7 April 2016 | Martin Read
Go back six, seven or even eight years and you'll find a lot being said about the importance of space usage in these pages.
"It's a hot topic this year," we told you in 2010, to quote one of many examples. But on this topic we weren't exactly soothsayers then, and we're certainly not claiming to be now. Likely as not, use of space will loom large on next year's agenda as well. Maximising an organisation's investment in space is, after all, a continuing element in any FM's role.
What does change is the way that use of space is measured. Technology has broadened the depth of detail in data we can expect, allowing for a greater variety in the response and the adoption of new working practices as a result.
Walkthrough surveys remain an option, while technologies have progressed through video assessment to new generations of ever more capable sensors. The data is allowing companies such as Condeco to give clients illuminating insights and suggest new patterns of working. Andrew Howells, head of the company's workplace consultancy, told me how one organisation was able to save money on slowing down the lifts during particularly untrafficked times. And then of course there are the more standard issues, such as identifying the fact that 40 per cent of meeting room appointments are not kept, meaning that hugely valuable space is going unoccupied.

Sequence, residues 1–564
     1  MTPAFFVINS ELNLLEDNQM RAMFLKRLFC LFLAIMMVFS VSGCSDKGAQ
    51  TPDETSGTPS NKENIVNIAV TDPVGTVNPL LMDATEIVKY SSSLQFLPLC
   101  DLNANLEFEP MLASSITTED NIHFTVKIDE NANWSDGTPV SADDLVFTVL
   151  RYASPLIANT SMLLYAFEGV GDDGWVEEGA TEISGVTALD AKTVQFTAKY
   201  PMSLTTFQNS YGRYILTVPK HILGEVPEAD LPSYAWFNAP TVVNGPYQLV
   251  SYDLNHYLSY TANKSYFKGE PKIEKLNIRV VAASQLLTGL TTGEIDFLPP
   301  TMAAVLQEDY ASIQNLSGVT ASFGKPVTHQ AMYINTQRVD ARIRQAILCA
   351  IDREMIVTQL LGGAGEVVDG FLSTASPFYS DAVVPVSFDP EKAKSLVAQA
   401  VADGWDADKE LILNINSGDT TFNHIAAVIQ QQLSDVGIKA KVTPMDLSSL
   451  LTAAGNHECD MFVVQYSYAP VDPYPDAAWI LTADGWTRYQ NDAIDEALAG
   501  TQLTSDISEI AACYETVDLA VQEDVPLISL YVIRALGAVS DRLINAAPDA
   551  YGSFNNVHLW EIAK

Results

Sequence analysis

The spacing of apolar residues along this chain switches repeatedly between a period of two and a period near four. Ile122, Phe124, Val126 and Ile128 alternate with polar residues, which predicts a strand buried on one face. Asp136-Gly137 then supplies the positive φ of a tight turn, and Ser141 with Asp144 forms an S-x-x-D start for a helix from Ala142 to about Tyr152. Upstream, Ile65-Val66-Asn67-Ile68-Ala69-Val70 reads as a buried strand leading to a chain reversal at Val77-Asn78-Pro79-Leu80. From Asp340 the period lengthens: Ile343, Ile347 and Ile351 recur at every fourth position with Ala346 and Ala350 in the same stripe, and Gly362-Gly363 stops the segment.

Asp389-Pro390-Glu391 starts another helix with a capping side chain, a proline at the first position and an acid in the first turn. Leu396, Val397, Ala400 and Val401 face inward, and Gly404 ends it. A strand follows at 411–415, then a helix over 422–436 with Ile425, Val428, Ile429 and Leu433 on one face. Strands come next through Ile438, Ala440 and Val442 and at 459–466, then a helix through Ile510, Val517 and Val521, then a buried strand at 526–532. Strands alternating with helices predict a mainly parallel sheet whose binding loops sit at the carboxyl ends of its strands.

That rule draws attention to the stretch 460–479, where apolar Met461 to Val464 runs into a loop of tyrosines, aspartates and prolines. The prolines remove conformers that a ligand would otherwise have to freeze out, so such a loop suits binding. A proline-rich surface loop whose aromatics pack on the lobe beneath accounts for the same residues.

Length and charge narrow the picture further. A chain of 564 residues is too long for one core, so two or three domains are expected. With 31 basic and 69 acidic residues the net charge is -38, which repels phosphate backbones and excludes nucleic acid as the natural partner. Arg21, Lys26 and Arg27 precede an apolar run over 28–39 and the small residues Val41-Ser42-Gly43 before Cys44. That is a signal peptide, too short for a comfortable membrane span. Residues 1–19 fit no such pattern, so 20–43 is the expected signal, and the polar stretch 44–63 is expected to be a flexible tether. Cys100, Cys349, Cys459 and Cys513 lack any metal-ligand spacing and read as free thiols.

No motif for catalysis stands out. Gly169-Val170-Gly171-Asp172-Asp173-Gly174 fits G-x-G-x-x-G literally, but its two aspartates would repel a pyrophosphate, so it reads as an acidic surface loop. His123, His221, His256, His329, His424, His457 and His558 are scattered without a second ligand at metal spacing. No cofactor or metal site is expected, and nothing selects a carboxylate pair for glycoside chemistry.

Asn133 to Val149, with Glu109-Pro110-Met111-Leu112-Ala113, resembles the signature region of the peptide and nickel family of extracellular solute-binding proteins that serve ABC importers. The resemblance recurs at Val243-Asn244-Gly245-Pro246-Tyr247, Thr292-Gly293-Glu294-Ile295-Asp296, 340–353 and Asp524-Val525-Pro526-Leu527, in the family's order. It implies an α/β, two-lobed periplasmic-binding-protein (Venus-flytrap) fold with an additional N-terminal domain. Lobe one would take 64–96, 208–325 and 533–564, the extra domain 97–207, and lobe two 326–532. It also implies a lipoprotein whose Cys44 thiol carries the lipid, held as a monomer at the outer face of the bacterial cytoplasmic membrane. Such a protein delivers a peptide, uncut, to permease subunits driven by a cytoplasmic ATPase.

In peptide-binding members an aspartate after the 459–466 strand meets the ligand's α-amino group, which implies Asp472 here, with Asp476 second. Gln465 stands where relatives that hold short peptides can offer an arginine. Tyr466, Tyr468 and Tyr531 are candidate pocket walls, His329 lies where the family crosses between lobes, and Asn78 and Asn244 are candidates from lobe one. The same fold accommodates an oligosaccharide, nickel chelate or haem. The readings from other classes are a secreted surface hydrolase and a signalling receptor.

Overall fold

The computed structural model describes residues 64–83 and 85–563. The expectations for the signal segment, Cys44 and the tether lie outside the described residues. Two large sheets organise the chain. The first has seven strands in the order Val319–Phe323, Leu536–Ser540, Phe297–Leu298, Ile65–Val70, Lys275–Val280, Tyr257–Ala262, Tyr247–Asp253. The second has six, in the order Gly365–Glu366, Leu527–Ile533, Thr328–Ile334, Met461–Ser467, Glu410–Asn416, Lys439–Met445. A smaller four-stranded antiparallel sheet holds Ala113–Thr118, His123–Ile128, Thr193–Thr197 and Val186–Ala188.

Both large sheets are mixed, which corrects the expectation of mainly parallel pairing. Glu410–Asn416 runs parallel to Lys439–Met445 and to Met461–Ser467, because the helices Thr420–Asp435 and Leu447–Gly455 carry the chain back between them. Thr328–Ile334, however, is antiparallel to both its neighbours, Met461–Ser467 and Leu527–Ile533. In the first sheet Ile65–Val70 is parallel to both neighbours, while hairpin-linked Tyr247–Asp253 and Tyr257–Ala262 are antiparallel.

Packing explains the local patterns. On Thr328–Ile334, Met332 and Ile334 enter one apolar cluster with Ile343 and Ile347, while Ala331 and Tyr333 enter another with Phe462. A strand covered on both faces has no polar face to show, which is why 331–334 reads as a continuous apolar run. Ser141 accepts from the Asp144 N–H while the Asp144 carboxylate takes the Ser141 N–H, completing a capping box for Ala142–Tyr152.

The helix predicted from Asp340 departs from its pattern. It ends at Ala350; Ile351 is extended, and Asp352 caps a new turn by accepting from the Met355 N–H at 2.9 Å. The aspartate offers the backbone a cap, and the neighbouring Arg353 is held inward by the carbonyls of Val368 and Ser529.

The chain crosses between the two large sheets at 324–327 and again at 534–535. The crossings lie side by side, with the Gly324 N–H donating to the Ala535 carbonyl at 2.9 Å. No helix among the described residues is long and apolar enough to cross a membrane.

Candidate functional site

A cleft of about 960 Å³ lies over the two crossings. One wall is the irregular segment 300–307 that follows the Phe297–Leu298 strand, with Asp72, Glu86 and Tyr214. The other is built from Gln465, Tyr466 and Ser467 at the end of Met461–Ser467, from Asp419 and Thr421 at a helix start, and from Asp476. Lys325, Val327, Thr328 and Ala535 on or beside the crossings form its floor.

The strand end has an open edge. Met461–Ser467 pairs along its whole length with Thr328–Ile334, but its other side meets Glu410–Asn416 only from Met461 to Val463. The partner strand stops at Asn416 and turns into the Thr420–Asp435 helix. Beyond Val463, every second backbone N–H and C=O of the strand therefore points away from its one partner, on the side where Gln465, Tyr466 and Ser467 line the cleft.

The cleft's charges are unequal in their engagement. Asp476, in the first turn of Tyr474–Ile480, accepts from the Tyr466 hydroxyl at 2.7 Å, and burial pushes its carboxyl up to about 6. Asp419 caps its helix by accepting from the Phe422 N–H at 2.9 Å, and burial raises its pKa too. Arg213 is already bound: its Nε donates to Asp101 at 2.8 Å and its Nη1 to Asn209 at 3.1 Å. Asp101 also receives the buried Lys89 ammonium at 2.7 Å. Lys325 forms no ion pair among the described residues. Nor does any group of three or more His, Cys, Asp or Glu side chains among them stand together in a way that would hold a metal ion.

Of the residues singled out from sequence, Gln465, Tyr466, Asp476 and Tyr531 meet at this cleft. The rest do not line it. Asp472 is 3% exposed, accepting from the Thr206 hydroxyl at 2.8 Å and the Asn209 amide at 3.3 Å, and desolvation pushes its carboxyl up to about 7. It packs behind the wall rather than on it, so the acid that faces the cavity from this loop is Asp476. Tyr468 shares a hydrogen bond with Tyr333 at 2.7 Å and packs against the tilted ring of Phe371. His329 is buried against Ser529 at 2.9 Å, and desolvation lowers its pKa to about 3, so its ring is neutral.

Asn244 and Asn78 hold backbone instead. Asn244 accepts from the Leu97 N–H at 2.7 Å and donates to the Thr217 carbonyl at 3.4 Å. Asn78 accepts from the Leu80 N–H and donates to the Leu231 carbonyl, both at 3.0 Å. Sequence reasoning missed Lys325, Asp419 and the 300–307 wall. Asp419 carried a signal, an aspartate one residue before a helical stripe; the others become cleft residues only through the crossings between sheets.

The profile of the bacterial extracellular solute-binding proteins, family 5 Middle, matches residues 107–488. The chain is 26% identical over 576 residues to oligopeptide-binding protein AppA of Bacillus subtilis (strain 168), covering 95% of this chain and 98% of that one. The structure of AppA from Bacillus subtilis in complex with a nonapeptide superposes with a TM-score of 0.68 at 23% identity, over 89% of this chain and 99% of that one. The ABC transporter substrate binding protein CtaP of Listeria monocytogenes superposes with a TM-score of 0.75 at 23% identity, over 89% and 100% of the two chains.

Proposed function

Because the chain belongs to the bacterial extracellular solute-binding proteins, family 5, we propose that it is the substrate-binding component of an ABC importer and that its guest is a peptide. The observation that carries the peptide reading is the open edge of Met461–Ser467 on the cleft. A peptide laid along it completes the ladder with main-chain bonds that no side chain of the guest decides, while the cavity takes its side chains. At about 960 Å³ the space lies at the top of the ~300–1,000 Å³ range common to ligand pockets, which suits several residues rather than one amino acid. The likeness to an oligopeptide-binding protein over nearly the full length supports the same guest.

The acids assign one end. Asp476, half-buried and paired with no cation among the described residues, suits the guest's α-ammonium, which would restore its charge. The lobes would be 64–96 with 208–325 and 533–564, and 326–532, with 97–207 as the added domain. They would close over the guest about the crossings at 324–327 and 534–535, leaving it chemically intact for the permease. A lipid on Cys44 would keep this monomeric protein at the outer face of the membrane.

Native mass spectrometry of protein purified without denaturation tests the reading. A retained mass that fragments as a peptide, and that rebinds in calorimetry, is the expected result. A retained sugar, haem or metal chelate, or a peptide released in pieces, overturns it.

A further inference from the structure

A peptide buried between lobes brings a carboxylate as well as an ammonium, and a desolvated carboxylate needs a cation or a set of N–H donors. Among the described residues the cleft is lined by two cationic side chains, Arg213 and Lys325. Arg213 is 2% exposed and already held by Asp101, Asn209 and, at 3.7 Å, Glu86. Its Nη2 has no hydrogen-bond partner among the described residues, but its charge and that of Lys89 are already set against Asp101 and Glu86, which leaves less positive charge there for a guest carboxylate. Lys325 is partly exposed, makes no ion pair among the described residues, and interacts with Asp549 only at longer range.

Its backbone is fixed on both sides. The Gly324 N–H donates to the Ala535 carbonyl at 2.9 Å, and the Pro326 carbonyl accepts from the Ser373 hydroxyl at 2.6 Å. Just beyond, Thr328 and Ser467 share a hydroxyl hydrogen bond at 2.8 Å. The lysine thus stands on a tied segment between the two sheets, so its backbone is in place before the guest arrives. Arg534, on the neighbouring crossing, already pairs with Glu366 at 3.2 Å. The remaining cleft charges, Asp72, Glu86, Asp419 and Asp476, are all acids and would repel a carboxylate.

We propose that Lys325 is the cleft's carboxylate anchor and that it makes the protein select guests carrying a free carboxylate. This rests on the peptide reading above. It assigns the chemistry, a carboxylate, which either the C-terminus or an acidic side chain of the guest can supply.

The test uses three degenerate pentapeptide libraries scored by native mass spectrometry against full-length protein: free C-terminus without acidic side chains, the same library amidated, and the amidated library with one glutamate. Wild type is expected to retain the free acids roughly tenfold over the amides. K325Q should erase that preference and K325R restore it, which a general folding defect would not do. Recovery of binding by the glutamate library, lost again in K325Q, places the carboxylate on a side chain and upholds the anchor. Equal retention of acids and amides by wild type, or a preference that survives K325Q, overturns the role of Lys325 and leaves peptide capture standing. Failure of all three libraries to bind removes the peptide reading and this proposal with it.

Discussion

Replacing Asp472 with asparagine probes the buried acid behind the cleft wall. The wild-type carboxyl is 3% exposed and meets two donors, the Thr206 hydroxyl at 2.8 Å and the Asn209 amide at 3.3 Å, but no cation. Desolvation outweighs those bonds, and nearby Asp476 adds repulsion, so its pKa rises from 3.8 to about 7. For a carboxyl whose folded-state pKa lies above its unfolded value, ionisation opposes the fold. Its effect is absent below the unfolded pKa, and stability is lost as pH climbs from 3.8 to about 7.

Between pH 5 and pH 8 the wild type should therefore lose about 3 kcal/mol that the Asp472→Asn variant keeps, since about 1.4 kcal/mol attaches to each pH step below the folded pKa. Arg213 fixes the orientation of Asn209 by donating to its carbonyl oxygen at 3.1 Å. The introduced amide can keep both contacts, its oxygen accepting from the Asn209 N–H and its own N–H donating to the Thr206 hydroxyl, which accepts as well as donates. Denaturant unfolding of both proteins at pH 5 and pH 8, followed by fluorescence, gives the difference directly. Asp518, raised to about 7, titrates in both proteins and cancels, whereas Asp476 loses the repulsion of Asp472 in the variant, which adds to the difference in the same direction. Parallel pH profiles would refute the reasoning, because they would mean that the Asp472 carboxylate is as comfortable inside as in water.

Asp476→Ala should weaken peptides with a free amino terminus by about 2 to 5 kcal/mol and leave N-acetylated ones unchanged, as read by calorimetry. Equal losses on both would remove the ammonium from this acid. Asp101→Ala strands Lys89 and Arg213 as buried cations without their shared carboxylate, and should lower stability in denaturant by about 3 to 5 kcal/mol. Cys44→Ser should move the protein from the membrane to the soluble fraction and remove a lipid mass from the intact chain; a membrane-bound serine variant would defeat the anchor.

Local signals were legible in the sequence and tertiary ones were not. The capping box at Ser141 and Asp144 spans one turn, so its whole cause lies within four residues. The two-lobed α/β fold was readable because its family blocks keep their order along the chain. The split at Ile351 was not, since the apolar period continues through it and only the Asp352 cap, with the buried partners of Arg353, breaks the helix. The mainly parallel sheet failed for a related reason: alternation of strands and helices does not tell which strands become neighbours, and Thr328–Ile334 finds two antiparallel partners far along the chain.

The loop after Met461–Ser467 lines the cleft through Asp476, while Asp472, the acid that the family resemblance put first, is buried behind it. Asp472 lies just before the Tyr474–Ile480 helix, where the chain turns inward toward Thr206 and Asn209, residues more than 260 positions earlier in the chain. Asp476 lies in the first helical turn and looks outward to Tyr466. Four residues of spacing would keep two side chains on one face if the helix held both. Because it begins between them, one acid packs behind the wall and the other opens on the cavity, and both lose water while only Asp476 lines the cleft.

What's also interesting here is the response that often comes from elements of the workforce - a sense that such surveying is equivalent to 'Big Brother', that their every move is being documented. Consultancies and others always confirm that any data is analysed in aggregate form, its analysis confined to showing overall patterns and not individual performance. But for many workers, these surveys are a gloomy proposition that is only accepted when, several months later, new and better ways of working are introduced as a result from which they benefit.
As the technology evolves and surveying tools become cheaper to install and use, there's a growing recognition from organisations of their long-term value. Which could leave those people who worry about being monitored all the more frustrated. And yet, in our everyday lives these questions of "where do we draw the line?" are already here. The smartphone has changed the conversation. We casually accept the need for our every move to be tracked if, for example, we want access to local restaurant or travel information while we're out and about. The more such information we seek, the more comfortable we seem to be with accepting the trade-off involved in giving huge corporations such as Google, Apple, railway operators and software developers the sort of personal data that would have shocked us had we read about it years ago.
None of which should mean organisations becoming lax in how they communicate space surveys to employees. If anything, the data revolution should make users more accepting of the process, even looking to feed more data into the process. Everyone understands the logic of not heating or cooling a half-empty space; the more the personal data revolution makes conversations about space usage more inclusive, the better.
Martin Read is managing editor of FM World